I remember when goaltender Stuart Skinner made his NHL debut against the Ottawa Senators in the 2020-21 season. Mike Smith was injured at the time, and Mikko Koskinen needed a break in net from the back-to-back games. It was the hometown kid, Skinner’s chance to play at the NHL level. His debut wasn’t pretty, giving up five goals on 38 shots and at times looking nervous between the pipes, but that’s to be expected in your first NHL game. The Oilers’ high-powered offense against a weaker Senators team pulled through for an 8-5 Oilers victory. It was only a one-game sample size, but at the time, I questioned whether Skinner had what it took to become an NHL-level goaltender.
Fast forward a season, and Skinner showed he could hold his own against NHL competition. He appeared in 13 games for the Oilers, winning six games, posting one shutout with a 2.62 goals-against-average (GAA) and a .913 save percentage (SV%). Of course, his numbers were better at the AHL level. He won 22 out of 35 games and posted a 2.22 GAA and a .920 SV%. At times throughout the Oilers’ rollercoaster season, there was a tumultuous crowd that demanded Skinner be recalled to the Oilers when Smith was struggling. In the end, he finished the season with the Condors, losing in the Pacific Division semifinal to the Stockton Heat, and was called up as a black ace for the Oilers’ playoff run.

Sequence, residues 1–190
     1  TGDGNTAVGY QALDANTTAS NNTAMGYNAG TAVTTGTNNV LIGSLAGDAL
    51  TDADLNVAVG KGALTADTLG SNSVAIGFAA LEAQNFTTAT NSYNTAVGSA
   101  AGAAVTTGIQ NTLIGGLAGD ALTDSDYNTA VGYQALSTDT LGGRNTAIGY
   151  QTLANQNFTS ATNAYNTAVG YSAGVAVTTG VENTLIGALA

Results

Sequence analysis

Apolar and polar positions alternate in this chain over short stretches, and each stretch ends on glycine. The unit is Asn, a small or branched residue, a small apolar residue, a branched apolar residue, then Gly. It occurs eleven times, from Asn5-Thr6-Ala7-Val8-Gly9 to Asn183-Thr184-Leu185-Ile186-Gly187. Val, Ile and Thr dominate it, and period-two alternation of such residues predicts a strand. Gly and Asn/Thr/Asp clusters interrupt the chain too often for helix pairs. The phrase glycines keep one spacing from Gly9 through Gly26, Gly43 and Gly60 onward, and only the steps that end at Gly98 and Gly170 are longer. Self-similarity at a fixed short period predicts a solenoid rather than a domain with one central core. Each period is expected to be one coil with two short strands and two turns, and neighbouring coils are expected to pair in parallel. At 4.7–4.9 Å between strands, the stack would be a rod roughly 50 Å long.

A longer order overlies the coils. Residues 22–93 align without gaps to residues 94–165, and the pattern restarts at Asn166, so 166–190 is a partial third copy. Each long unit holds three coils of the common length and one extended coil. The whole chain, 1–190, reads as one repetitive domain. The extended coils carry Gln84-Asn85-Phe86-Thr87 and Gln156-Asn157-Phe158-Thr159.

With the departure of Koskinen to Switzerland, and Smith’s future with the team still unknown, it opens a new opportunity for Skinner. However, the question is, to what extent? The Oilers made the Western Conference Final this past season, and there’s an expectation to continue moving the needle forward. Edmonton certainly can’t put the pressure on young Skinner and give him the starting role, so they’ll need to hunt for a new number one in the offseason if Smith doesn’t return. That said, the organization will continue to develop Skinner, and I’d expect him to land the full-time gig to be the team’s backup goaltender, playing in 30-35 games next season. I’d imagine that if he continues to develop well, he’ll push for the number one role within a couple of seasons.